Across the United States, angling using live baitfish is an economically and socially important form of recreational fishing. Nationwide sales of live baitfish surpass $1 billion annually for the U.S. and Canada. In Arizona, over 20% of anglers use live bait and spend over $5 million annually on such. However, the current fish species allowed for use as live baitfish are non-native to Arizona, and many of the species have become established throughout the state from the unauthorized release of live baitfish, and they subsequently compete with native aquatic species. The Department convened a Live Bait Team to evaluate the potential to minimize the risk and threats to native aquatic species, while continuing to maintain live bait use opportunities that have social and economic importance to the angling community. One of the primary recommendations of the Team was to investigate the feasibility of using unprotected native fishes as live baitfish species.
The Department’s Research Branch initiated a study in late 2015 to develop optimal culture methods for two unprotected fish species native to Arizona: Longfin Dace and Sonora Suckers. These species were chosen for use because they are both abundant through much of their range and persist in many different environments throughout Arizona. The goal of this study is to evaluate the feasibility of using native fish (specifically Longfin Dace and Sonora Sucker) to meet current commercial production needs for baitfish use in Arizona. The ultimate intent of this project is to provide a framework to Department managers for replacing the culture of nonnative baitfish in Arizona with native fish species.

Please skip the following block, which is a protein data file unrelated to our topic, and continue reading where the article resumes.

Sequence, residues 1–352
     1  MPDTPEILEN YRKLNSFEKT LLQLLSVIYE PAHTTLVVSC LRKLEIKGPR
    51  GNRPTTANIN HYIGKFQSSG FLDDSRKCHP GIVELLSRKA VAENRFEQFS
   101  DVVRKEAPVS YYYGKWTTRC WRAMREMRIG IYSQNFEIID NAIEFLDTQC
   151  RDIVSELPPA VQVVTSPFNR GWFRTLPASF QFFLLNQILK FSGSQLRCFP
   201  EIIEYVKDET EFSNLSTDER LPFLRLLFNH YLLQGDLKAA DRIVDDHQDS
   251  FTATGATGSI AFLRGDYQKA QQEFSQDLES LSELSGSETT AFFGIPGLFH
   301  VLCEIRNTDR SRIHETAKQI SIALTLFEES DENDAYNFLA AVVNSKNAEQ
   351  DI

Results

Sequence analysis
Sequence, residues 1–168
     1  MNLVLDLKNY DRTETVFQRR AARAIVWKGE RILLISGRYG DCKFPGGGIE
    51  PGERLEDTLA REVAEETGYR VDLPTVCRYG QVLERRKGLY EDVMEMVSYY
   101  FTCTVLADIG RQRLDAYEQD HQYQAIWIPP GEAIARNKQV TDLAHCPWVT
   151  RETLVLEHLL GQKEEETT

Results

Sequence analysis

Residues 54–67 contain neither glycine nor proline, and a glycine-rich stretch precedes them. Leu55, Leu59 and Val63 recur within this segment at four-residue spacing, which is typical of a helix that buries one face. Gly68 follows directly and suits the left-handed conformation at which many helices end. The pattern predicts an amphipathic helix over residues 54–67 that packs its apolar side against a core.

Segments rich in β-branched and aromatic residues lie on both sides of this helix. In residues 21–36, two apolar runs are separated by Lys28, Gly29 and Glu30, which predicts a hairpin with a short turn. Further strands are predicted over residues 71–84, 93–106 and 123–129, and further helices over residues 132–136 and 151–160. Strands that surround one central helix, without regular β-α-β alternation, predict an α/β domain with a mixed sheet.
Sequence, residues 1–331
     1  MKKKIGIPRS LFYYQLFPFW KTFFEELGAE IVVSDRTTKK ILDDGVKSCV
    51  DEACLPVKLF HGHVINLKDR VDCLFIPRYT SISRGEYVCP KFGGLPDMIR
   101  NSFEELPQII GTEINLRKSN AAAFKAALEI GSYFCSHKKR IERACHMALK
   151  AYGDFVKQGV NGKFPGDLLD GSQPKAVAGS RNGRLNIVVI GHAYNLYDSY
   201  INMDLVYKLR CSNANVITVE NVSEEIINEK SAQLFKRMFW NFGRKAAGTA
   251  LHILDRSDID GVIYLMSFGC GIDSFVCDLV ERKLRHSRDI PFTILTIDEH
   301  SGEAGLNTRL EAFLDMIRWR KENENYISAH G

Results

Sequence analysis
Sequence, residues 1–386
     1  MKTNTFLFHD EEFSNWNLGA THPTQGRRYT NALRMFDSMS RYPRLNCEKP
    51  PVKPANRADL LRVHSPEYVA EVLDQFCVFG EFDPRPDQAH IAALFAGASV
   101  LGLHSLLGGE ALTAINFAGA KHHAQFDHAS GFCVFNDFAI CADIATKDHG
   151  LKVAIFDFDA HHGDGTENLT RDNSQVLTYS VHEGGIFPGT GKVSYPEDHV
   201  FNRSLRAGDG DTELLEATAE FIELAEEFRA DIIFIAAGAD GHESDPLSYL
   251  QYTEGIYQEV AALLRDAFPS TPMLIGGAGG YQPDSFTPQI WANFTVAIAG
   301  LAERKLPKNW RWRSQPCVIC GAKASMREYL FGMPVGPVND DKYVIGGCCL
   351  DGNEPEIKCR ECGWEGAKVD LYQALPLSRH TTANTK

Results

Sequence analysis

The first phase of the project was focused on culture methods of Sonora Suckers. In early spring 2016, Sonora Suckers were collected and transported to the Department’s Aquatic Research and Conservation Center (ARCC) for spawning. With help from the staff at ARCC, the fish were injected with a hormone called OvaPrim® used to induce spawning. Several fish developed eggs, with one female and two males ripening enough to spawn. Eggs and milt were physically stripped and fertilized, and allowed to incubate within hatching jars. The female produced over 8,000 eggs, of which approximately 500 hatched. Hatched fry are currently being housed at the Department’s Bubbling Ponds State Fish Hatchery where we will be evaluating how the hatched fish survive within the hatchery environment. We will also be removing and aging otoliths from the larval fish to calculate growth rates and the time needed to raise fish to market size.
Currently we’re beginning to research culture methods for Longfin Dace. Longfin Dace will be collected and brought back to ARCC where we will investigate methods for spawning within tanks. Similar to Sonora Suckers, we hope to first spawn Longfin Dace, and then track the hatched fry through time to understand the scale and time needed to raise fish to a size desired by anglers. With this information, and the information obtained from Sonora Suckers, we can develop more experiments that will allow for even more refined culture methods in the upcoming years (e.g, rearing densities, feed preferences).
By Kristopher Stahr, Research Branch